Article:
It is a well established rule that removal jurisdiction is to some extent derivative jurisdiction; where the state court lacks subject matter jurisdiction, the federal district cannot acquire such jurisdiction upon removal, even if the federal district court would have had jurisdiction had the action been originally brought in the federal forum. Minnesota v. United States, 305 U.S. 382, 59 S. Ct. 292, 83 L. Ed. 235 (1939); Lambert Run Coal Co. v. Baltimore and Ohio RR., 258 U.S. 377, 382, 42 S. Ct. 349, 66 L. Ed. 671 (1922); Federal Savings & Loan Insurance Corp. v. Quinn, 419 F.2d 1014 (7th Cir. 1969).
We must now determine whether the state court could exercise jurisdiction in this case. Both the Garnishee and the WHA argue that under the Consent Decree in the Professional Hockey Antitrust Litigation this Court specifically reserved jurisdiction over the subject matter and the escrow fund created pursuant to the Decree.
It is therefore the defendants contention that the fund was in custodia legis and, under Pennsylvania case law, not subject to attachment or execution. See Princess Lida of Thurn and Taxis v. Thompson, 305 U.S. 456, 59 S. Ct. 275, 83 L. Ed. 285 (1939); Weicht v. Automobile Banking Corp., 354 Pa. 433, 47 A.2d 705 (1946); 1 Moore, Federal Practice P 0.90, at page 833 (2d ed. 1976)].
The purpose of the doctrine in custodia legis is to afford protection of property from subsequent attachment or execution and to eliminate the necessity of the public officer appearing and defending several actions regarding rights to possession, thereby reducing confusion and delay in the execution of the legal process.
But, as plaintiffs correctly argue, "Protection of the rule of custodia legis is removed when the purpose for which the property is held has been achieved." Weicht v. Automobile Banking Corp., 354 Pa. 433, 47 A.2d at 706.
Had the purpose for which the escrow fund was held been achieved when plaintiffs caused the Writ of Fraudulent Debtors Attachment to issued? As the Supreme Court of Pennsylvania recognized in the Weicht decision, "in each case it is for the court to decide whether there was such custody of the law as should prevent the second attachment." 47 A.2d at 706. A cursory review of the circumstances and interests in the escrow fund suggest that of October 18, 1976, the date of the attachments, the purpose for which the fund was held had not been achieved: the WHA defendants were not unconditionally entitled to the fund's proceeds at that time; and no resolution of all claims by the NHL parties (also parties to the Consent Decree) had been reached when the fund was attached (October 18, 1976) or when the Petition for Removal was filed (October 19, 1976). [See Letter, dated October 20, 1976, from Edwin P. Rome, Esq. to the Hon. A. Leon Higginbotham, Jr., Exhibit A of Garnishee's Reply Memorandum in Support of the Motion to Quash Service of Writ of Attachment]. Therefore, the escrow fund was in custodia legis when plaintiffs attempted attachment.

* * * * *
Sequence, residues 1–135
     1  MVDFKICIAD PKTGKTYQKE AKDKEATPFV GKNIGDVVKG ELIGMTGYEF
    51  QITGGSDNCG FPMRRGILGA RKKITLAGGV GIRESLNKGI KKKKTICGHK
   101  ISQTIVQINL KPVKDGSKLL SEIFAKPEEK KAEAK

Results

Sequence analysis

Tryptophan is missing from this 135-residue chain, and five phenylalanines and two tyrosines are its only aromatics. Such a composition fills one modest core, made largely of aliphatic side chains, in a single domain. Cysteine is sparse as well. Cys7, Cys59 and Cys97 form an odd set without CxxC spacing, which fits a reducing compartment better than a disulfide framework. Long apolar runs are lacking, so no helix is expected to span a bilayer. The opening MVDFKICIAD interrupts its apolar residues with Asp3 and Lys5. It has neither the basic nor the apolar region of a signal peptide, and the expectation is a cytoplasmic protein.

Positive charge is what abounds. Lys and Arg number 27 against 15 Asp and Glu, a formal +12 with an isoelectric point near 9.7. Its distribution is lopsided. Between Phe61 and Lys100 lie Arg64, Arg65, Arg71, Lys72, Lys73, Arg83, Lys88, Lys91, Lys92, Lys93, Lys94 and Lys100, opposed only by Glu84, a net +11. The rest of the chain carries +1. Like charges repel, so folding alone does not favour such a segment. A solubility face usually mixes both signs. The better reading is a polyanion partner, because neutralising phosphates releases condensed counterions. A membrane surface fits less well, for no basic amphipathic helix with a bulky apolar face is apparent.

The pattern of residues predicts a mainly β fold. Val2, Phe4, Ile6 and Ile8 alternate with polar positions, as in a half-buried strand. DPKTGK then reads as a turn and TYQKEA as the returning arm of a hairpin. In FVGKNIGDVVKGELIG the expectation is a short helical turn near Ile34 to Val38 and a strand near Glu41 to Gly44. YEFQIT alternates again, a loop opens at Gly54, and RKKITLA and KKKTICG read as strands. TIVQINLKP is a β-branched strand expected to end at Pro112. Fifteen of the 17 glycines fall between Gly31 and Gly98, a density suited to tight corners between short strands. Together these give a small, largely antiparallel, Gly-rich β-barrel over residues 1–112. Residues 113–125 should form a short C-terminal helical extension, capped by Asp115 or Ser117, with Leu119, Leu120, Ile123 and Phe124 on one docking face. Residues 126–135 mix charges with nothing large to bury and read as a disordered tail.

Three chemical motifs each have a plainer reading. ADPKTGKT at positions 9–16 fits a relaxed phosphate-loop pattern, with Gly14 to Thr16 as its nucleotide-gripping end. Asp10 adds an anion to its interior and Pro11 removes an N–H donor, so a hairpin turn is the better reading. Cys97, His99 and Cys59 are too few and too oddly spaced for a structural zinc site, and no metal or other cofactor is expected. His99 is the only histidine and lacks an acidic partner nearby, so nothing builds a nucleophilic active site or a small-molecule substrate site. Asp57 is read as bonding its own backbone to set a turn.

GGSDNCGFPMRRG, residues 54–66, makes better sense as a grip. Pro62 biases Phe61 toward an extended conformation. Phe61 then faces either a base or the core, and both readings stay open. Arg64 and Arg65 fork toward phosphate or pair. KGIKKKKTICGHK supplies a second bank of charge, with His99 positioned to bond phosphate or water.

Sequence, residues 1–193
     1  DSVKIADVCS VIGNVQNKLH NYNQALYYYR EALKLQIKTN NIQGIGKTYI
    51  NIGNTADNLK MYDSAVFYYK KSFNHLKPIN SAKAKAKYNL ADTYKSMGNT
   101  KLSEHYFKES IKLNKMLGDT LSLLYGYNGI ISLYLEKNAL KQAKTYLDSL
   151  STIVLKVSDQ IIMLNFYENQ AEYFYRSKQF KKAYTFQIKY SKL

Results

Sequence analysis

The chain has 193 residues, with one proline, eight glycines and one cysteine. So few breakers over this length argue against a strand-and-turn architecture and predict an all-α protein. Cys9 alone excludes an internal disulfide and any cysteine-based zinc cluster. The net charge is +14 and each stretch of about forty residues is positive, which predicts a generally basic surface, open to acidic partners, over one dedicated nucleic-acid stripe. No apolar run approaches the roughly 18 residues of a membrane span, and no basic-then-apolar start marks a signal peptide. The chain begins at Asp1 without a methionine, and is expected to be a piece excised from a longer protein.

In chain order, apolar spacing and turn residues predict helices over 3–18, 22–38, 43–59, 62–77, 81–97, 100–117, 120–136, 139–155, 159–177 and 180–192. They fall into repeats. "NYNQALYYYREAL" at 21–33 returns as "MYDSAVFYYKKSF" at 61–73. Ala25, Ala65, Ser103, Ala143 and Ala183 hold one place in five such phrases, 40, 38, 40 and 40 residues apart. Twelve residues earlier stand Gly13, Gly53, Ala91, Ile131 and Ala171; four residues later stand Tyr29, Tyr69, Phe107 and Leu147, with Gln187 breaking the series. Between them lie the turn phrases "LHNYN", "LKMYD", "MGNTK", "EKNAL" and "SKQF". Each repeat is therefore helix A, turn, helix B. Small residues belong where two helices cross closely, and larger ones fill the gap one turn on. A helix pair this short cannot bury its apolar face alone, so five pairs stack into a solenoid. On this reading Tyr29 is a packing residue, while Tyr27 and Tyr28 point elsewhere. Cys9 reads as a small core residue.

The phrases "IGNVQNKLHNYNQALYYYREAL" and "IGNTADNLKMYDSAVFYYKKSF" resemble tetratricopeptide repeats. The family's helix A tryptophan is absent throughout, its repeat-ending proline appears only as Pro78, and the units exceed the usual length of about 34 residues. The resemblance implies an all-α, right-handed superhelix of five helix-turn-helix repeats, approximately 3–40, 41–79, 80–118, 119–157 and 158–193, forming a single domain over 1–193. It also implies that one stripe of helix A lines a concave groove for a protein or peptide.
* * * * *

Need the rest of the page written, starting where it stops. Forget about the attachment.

In this case, however, lack of removal jurisdiction does not require dismissal of the case under Fed. Rule 12(b), however, because jurisdiction is conferred upon this Court by virtue of an express reservation of jurisdiction in the Consent Decree as well as pursuant to the doctrine of ancillary jurisdiction.
Paragraph 14 of the Consent Decree specifically reserves jurisdiction in this Court over the subject matter and the escrow fund:
14. This Court shall retain jurisdiction for the purpose of enabling the parties to apply for such further orders or directions as may be necessary or appropriate for the construction or enforcement of the provision of this Consent Decree.
Clearly, attachment of the escrow fund by plaintiffs, who were not parties to the Consent Decree, would necessitate instructions from this Court in order to insure enforcement of the Decree and protection of the rights of litigants who were signers thereof.
Moreover, the doctrine of ancillary jurisdiction permits this Court to exercise jurisdiction in the instant litigation. The Supreme Court recently stated the doctrinal foundation for the notion of ancillary jurisdiction in Aldinger v. Howard, 427 U.S. 1, 96 S. Ct. 2413, 2419, 49 L. Ed. 2d 276 (1976):
* * * since federal jurisdiction in the principal suit effectively controls the property or fund under dispute, other claimants thereto should be allowed to intervene in order to protect their interests, regardless of jurisdiction.